Last year, several housing agencies kicked off a push for greater coordination and a regional roadmap for affordable housing. At the core was a desire to combine resources and programs and ease the burden on future homeowners. The hope is that more homes will be built, deeper mortgage assistance can be provided, and more rental opportunities can be developed.

“The best part about establishing this new collaborative is the added value it will provide our clients,” said Julie Levy, programs manager for the Regional Housing Alliance of La Plata County. “Families and individuals throughout the region looking for affordable housing options will receive quality service and increased resources available.”

Levy added that the collaboration is a landmark effort for the Four Corners. “It is the first time our agencies have come together to help one another figure out how to significantly improve and increase housing services for families in Southwest Colorado,” she said.

The push is also a timely one. There has been a dramatic increase in federal funds through economic stimulus grants, which has the potential to increase services and make a lasting impact on the housing needs in the Southwest region.  

The group includes representatives from each county in Southwest Colorado, and is being funded with $25,000 from the El Pomar Foundation. For more information, visit and click on “Southwest Regional Housing Plan Initiative.”


Soot linked with shrinking snowpack

There is a new culprit in the ever shrinking snowpack in the San Juan Mountains and all over the West. A recent report in the Journal of Geophysical Research spotlights soot from coal-fired power plants, diesel engines and wood-burning stoves as a major factor in early snowmelt as well as the rapid melt of arctic sea ice and glaciers.

Erika Rosenthal, an attorney with Earthjustice, explained that soot, or black carbon, absorbs sunlight and warms whatever it comes in contact with, whether it be atmosphere or snow and ice.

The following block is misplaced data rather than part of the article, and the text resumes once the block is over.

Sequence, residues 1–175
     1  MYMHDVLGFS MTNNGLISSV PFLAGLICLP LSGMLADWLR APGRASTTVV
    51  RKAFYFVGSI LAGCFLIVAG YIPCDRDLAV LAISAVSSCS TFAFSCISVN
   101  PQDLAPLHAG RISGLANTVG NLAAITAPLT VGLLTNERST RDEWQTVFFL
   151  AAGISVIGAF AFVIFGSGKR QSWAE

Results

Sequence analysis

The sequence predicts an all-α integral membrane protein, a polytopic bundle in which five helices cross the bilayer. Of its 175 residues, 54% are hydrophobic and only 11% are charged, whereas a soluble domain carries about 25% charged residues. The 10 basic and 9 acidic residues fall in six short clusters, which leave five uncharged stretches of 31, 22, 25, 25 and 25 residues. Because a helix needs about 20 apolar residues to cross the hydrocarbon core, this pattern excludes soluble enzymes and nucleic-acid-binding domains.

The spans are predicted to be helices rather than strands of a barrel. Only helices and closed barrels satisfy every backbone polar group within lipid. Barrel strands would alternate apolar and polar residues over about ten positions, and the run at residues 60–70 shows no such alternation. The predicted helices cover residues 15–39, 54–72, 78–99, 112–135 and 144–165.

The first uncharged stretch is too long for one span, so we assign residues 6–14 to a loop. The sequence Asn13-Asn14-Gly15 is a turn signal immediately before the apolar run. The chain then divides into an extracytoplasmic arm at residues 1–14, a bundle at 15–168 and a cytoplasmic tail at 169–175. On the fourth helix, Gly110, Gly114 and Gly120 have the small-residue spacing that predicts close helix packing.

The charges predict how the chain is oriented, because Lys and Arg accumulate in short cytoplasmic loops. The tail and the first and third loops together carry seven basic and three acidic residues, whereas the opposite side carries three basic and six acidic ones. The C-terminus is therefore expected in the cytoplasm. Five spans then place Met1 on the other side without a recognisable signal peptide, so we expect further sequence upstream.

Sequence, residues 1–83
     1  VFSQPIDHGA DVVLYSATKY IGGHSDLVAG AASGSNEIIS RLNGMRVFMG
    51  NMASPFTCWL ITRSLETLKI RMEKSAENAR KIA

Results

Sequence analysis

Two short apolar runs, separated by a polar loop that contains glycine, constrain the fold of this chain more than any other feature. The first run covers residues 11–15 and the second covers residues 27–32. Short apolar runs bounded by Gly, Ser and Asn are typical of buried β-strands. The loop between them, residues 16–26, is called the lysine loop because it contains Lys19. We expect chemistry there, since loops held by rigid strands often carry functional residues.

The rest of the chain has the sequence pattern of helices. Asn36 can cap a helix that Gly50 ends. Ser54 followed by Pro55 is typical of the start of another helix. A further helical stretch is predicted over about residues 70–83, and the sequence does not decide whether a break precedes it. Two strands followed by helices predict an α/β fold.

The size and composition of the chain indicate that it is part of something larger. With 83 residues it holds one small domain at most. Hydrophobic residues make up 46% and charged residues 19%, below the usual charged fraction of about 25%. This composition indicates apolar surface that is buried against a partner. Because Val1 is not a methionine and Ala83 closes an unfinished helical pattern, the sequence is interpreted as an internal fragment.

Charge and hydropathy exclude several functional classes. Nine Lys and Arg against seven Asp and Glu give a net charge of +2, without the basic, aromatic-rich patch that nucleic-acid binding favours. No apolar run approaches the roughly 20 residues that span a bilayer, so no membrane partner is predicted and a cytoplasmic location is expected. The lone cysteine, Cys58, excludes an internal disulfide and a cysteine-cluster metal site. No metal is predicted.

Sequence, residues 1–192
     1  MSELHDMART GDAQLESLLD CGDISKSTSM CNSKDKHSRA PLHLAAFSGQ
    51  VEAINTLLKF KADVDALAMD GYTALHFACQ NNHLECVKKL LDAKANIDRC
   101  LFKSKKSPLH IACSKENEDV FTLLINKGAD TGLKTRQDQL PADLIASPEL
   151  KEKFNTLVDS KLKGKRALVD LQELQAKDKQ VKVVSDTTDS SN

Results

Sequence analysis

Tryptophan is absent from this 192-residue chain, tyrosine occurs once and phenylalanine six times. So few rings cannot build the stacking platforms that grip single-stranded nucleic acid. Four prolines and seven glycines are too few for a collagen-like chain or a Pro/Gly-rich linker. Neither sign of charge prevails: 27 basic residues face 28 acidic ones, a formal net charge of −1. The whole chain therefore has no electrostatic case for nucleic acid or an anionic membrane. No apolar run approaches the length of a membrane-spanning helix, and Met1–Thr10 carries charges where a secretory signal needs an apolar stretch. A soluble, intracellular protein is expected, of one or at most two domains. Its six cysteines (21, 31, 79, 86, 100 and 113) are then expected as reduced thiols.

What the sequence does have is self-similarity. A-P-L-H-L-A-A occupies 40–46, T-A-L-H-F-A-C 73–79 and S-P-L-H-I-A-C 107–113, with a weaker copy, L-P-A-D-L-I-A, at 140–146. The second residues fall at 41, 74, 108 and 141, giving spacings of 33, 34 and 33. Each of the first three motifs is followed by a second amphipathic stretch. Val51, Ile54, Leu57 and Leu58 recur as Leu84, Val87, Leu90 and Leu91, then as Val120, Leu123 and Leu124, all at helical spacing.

“It falls out of the atmosphere, onto snow and ice, dirtying it and making it absorb more sun and melt faster, and also melt earlier in the spring,” she said.

Scientists, including those at the Center for Snow and Avalanche Studies in Silverton, have been documenting the impact of dust storms on the snowpack and the link with earlier snowmelt. Rosenthal said soot is a growing part of this picture and is making for long-term, negative impacts on water resources throughout Colorado and the West. Black carbon is the second-leading cause of climate change, according to theJournal of Geophysical Research, behind carbon dioxide and now ahead of methane. However, there is a bright spot. Eliminating the emissions is relatively easy, and the technology is readily available, Rosenthal said.

“We’ve got climate reasons to do it, we’ve got health reasons to do it, and we have the technology in hand,” she said.

– Will Sands




In this week's issue...

January 25, 2024
Bagging it

State plastic bag ban is in full effect, but enforcement varies

January 26, 2024
Paper chase

The Sneer is back – and no we’re not talking about Billy Idol’s comeback tour.

January 11, 2024
High and dry

New state climate report projects continued warming, declining streamflows